Tags

No tags :(

The New York Times
Ross Douthat  Op-Ed Columnist

And a change of doctrine is what conservative Catholics, quite reasonably, believe that the communion proposal favored by Francis essentially implies.

There’s probably a fascinating secular political science tome to be written on how the combination of absolute and absolutely-limited power shapes the papal office. In such a book, Francis’s recent maneuvers would deserve a chapter, because he’s clearly looking for a mechanism that would let him exercise his powers without undercutting his authority.

The key to this search has been the synods, which have no official doctrinal role but which can project an image of ecclesiastical consensus. So a strong synodal statement endorsing communion for the remarried as a merely “pastoral” change, not a doctrinal alteration, would make Francis’s task far easier.

Unfortunately such a statement has proven difficult to extract — because the ranks of Catholic bishops include so many Benedict XVI and John Paul II-appointed conservatives, and also because the “pastoral” argument is basically just rubbish. The church’s teaching that marriage is indissoluble has already been pushed close to the breaking point by this pope’s new expedited annulment process; going all the way to communion without annulment would just break it.

So to overcome resistance from bishops who grasp this obvious point, first last year’s synod and now this one have been, to borrow from the Vatican journalist Edward Pentin’s recent investigative book, “rigged” by the papal-appointed organizers in favor of the pope’s preferred outcome.

The documents guiding the synod have been written with that goal in mind. The pope has made appointments to the synod’s ranks with that goal in mind, not hesitating to add even aged cardinals tainted by the sex abuse scandal if they are allied to the cause of change. The Vatican press office has filtered the synod’s closed-door (per the pope’s directive) debates to the media with that goal in mind. The churchmen charged with writing the final synod report have been selected with that goal in mind. And Francis himself, in his daily homilies, has consistently criticized Catholicism’s “doctors of the law,” its modern legalists and Pharisees — a not-even-thinly-veiled signal of his views.

Advertisement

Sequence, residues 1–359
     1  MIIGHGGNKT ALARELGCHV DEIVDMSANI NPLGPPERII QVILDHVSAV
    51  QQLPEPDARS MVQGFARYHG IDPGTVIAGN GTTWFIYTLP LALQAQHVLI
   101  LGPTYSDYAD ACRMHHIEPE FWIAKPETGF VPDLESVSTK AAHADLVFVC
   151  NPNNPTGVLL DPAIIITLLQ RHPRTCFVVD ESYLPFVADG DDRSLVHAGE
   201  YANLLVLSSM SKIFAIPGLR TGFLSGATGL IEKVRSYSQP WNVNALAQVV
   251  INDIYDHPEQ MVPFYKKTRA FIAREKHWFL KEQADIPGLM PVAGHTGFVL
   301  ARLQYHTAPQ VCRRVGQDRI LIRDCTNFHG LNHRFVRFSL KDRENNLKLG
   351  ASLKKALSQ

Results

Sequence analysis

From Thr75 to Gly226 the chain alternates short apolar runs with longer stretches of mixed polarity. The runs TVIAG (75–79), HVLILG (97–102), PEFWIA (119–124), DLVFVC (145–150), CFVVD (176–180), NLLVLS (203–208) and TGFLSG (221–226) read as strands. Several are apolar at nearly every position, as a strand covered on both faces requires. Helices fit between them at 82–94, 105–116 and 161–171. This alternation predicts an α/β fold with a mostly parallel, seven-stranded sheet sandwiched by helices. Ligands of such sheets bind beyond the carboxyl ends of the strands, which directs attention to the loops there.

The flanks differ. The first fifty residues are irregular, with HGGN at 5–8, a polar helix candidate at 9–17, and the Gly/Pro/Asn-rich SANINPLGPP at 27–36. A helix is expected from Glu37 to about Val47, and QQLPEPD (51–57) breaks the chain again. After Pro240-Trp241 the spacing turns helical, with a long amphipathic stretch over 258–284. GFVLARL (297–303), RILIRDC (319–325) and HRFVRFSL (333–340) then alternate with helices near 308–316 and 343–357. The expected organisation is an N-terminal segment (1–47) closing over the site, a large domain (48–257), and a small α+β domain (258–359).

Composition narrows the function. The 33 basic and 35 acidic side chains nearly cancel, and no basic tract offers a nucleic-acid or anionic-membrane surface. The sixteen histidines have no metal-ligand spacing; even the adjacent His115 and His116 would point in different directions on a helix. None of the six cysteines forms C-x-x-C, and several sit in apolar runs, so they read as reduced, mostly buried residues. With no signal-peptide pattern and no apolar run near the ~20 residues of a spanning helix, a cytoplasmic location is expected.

Continue reading the main story

Advertisement
Continue reading the main story

(Though of course, in the New Testament the Pharisees allowed divorce; it was Jesus who rejected it.)
Continue reading the main story
Recent Comments
carla van rijk October 19, 2015

It is always fascinating to read the words for the hidden message behind Conservatives support for traditional thinking which,…
Dee Dee October 19, 2015

I was going to write a reasoned scholarly response to Douthat’s piece, but I think I’ll go trim my nails instead; …
treabeton October 19, 2015

Concerned about hell? Heaven? Purgatory? Annulment? Confession of sins? Ability to receive communion? Christianity? Islam? Judaism?Why…

See All Comments

And yet his plan is not necessarily succeeding. There reportedly still isn’t anything like a majority for the proposal within the synod, which is probably why the organizers hedged their bets for a while about whether there would even be a final document. And the conservatives — African, Polish, American, Australian — have been less surprised than last fall, and quicker to draw public lines and try to box the pontiff in with private appeals.

The entire situation abounds with ironies. Aging progressives are seizing a moment they thought had slipped away, trying to outmaneuver younger conservatives who recently thought they owned the Catholic future. The African bishops are defending the faith of the European past against Germans and Italians weary of their own patrimony. A Jesuit pope is effectively at war with his own Congregation for the Doctrine of the Faith, the erstwhile Inquisition — a situation that would make 16th century heads spin.

For a Catholic journalist, for any journalist, it’s a fascinating story, and speaking strictly as a journalist, I have no idea how it will end.

Speaking as a Catholic, I expect the plot to ultimately fail; where the pope and the historic faith seem to be in tension, my bet is on the faith.

But for an institution that measures its life span in millennia, “ultimately” can take a long time to arrive.